Wednesday, August 11, 2021

The Unknown

I'm gonna find it difficult this week to see a better performance from Chaney.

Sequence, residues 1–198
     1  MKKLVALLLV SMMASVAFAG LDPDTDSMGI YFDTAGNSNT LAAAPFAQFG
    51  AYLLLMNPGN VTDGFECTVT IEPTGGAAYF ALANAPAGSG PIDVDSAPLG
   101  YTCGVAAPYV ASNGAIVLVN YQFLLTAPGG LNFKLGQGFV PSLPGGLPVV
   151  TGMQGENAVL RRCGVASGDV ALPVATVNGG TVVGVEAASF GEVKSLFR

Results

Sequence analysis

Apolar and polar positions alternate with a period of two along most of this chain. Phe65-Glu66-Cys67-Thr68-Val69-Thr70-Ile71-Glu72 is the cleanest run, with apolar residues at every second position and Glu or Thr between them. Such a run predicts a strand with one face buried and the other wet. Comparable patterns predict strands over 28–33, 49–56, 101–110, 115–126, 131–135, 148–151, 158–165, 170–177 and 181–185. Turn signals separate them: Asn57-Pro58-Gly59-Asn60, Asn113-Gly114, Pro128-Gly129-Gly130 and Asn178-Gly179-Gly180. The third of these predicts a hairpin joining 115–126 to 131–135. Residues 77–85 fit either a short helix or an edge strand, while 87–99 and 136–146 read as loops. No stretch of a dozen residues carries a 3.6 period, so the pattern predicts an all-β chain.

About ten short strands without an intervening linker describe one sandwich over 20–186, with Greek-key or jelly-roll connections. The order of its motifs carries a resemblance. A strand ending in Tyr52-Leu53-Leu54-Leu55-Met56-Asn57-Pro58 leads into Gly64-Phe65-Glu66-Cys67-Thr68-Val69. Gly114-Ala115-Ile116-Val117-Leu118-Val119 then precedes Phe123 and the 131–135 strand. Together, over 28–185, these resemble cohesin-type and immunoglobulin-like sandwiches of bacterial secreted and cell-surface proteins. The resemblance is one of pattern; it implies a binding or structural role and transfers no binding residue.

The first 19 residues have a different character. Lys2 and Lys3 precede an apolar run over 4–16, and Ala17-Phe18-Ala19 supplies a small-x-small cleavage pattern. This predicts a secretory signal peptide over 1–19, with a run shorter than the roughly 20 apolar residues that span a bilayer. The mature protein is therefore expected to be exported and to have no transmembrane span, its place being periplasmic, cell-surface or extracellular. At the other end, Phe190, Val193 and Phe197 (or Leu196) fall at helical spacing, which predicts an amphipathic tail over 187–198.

Even though tomorrow we look at my personal favorite of his films, I really couldn't ask for better acting from him like ever in this picture. I think it was almost law, regardless of genre or story material, there had to be some love triangle scenario in the silent era, it pretty much is at the forefront of every Lon Chaney film I've seen in my life. So we follow a circus troupe, specifically Alonzo an armless trickshot, Nanon the ring leader's daughter, and Malabar the strong man as romance buds and tragedy is right around the corner. What fascinates me about this film is there actually is no complete print of this movie, which is kind of the shameful reality of it all when it comes to silent cinema. The full runtime was an hour and three minutes, the only surviving print is 50 minutes so you lose about 13 minutes and yet not once does the film seem like it's missing anything. It's a concise, easily understandable, and still engaging story that can be watched in the time of a modern television drama's runtime. Quite a few horror connections in this film, it was directed by Tod Browning who directed two previously reviewed films here on the show, Freaks and the 1931 Dracula. Speaking of Dracula, Bela Lugosi is in a very brief cameo near the beginning of the film. Norman Kerry returns as Malabar, two years after Phantom Of The Opera with Chaney so the trend continues for returning cast members from that film. And Joan Crawford stars as the romantic lead Nanon, who had a long and illustrious career in Hollywood with notable horror examples being in Rod Serling's Night Gallery, and the cult classic Whatever Happened To Baby Jane. Apparently Joan fully commited to acting after watching Chaney perform, and it does go to show what a truly unbelievable figure he was in that time and palce in the world. You get so much great acting out of him in this movie, and I can pin it down to the big emotional breakdown scene he has near the end. Good God, I felt everything in that scene. If people ever wondered or wanted reason why critics and fans praise Lon Chaney's acting ability despite the lack of sound, this is immediately the film I am pointing to. It even has a more cathartic and final ending, cause there is a point where the film could have faded to black, The End, done and over, with actually a pretty solid Rod Serling feel to it now that I think about it, but it gives you that little bit more of an emotional finale which I think works wonderfully. I think it's a great film, cannot even believe it could pop up in the public domain in a few years time, MGM get on top of your movie history, seriously everybody needs to pay more attention to films of the silent and early sound era from the studios that made them to the audiences who still watch them. I dare even say they are more important than cinema breaking films like Star Wars, Citizen Kane, or any blockbuster franchise going on now. We cannot let these films slip into obscurity and out of history, not for anything. 4 stars, 8.5/10, it's been a good week and we still got one more.

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